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There's a lot better weather spots with great surf, still cheaper out there in the world... Look off the beaten path. South America is HUGE and has SO MUCH pacific coast exposure.

Me? I'd go to Chile, Argentina, Brazil, Colombia, Peru.
The weather is nice in the Atacama but it's a desert liberally sprinkled with dogshit and the South Americans are an absolute nightmare to share a lineup with. Give me El Porto's closeouts and no-parking-space $2500/month rent any day of the week. It'll be way less of an aggro stressfest; you'll get burned 1/20th as much...

I expect the offseason in Chile has lots of the same issues the offseason in Central/Northern California have, and the Earthquake factor is the gnarliest on Earth.
 
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SurfFuerteventura

Miki Dora status
Sep 20, 2014
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hulling, mostly...
Tbh, places I'm looking at as potential for moving to aren't anywhere close to the coast, more fresh water, fresh air, few people, self-sustainable, off grid type places far away from surf.

It hurts too much to even paddle out lately, and with the kook factor added in for good measure, surfing may well soon be replaced by farming imho.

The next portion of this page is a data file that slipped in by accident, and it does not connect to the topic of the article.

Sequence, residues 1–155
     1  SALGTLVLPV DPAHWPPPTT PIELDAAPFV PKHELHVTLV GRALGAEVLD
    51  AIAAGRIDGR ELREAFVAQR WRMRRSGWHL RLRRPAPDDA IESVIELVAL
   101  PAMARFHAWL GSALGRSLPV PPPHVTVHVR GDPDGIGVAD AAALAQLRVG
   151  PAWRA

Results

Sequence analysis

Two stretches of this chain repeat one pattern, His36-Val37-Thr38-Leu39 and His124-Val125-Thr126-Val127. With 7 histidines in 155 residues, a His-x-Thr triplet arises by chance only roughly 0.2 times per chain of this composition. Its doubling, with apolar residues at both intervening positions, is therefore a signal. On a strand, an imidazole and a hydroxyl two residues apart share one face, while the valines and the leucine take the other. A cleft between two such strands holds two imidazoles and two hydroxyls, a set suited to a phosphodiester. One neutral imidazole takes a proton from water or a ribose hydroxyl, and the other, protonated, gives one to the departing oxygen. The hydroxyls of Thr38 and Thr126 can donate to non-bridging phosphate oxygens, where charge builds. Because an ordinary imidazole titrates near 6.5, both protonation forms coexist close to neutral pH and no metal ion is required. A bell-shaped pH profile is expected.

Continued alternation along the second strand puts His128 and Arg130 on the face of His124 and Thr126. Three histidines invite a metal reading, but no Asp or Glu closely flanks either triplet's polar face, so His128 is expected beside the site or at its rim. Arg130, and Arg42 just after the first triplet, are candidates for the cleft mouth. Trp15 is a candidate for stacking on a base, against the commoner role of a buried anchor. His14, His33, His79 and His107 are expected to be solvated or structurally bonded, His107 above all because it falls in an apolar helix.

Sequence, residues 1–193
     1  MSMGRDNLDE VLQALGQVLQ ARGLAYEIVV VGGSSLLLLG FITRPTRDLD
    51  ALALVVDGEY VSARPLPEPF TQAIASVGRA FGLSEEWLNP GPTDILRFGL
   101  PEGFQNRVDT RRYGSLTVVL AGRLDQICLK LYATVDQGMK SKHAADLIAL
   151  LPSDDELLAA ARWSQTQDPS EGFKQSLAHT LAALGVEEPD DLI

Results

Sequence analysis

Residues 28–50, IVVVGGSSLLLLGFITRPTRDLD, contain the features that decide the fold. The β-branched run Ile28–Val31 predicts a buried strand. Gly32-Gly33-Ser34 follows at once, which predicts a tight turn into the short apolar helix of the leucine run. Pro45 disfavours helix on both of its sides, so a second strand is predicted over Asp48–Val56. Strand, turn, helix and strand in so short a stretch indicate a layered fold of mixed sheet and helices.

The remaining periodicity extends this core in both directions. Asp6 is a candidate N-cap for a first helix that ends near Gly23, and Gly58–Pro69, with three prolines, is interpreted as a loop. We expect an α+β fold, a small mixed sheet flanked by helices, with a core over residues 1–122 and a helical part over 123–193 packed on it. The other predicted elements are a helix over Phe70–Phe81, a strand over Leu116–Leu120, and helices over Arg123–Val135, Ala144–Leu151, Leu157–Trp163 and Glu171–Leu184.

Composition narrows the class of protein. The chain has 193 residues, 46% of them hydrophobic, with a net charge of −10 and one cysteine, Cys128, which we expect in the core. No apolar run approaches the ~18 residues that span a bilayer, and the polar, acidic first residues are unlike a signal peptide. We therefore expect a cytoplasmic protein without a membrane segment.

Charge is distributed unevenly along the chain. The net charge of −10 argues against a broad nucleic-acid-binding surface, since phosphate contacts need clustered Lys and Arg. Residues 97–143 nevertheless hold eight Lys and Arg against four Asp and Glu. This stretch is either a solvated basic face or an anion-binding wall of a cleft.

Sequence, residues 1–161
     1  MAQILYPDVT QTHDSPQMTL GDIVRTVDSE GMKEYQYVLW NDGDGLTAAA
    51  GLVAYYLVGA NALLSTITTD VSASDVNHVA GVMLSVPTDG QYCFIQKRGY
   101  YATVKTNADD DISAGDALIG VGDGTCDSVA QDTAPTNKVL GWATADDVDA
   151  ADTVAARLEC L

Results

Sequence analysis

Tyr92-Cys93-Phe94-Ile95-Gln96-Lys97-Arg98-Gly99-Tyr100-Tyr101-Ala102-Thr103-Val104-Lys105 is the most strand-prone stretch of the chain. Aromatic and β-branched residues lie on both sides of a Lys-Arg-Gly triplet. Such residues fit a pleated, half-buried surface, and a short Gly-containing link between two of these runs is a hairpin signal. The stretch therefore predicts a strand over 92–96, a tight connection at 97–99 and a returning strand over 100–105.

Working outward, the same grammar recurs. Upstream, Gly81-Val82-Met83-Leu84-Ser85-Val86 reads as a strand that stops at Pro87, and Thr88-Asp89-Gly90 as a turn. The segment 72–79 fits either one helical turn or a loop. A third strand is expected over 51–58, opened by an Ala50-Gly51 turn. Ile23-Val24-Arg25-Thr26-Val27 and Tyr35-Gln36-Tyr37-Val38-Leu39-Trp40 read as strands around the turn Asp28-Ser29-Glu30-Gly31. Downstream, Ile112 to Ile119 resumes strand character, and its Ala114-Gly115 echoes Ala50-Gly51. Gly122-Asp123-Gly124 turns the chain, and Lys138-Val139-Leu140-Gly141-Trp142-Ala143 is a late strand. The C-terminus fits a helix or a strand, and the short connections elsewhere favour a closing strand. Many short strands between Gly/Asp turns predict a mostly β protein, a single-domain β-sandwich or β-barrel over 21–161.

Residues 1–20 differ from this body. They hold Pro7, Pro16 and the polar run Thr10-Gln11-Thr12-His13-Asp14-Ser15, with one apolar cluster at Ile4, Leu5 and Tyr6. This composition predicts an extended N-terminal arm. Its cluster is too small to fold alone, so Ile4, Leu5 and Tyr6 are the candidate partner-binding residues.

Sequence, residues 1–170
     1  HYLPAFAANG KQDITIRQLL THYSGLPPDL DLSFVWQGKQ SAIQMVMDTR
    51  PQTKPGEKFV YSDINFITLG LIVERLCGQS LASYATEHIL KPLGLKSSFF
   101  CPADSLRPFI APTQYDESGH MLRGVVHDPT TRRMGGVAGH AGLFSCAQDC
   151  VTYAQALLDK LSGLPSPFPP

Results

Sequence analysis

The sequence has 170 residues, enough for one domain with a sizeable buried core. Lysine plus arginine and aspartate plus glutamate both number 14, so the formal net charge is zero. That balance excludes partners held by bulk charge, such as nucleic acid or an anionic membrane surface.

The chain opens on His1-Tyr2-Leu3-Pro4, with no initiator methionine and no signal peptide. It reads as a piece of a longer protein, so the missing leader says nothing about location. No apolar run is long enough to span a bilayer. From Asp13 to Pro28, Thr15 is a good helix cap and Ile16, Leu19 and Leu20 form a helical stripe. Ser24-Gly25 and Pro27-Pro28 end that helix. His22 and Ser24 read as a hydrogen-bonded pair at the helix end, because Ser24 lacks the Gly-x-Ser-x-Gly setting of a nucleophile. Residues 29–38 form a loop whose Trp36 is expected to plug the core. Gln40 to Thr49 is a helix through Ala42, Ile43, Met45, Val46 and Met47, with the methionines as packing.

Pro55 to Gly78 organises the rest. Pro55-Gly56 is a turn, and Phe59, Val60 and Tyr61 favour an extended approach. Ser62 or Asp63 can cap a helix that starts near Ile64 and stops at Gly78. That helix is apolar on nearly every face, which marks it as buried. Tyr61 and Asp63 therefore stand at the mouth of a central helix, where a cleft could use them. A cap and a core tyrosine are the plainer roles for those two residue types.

:shrug:

Thought about PR, but inland, close to a lake. Salinas in the SE is really nice, las tetas de Cayey a bit inland down there is beautiful with breathtaking views and excellent weather. That'd be where I'd look out there, or around the east side (flat, no surf, incredible diving though and excellent fishing) again inland around el Yunque area.
 
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Sharkbiscuit

Duke status
Aug 6, 2003
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Tbh, places I'm looking at as potential for moving to aren't anywhere close to the coast, more fresh water, fresh air, few people, self-sustainable, off grid type places far away from surf.
Okay interior Southern Chile (minus the quakes) sounds dank for that. I dunno much about picking berries or mushrooms but a foragey stroll to/fro the trout hole sounds about right.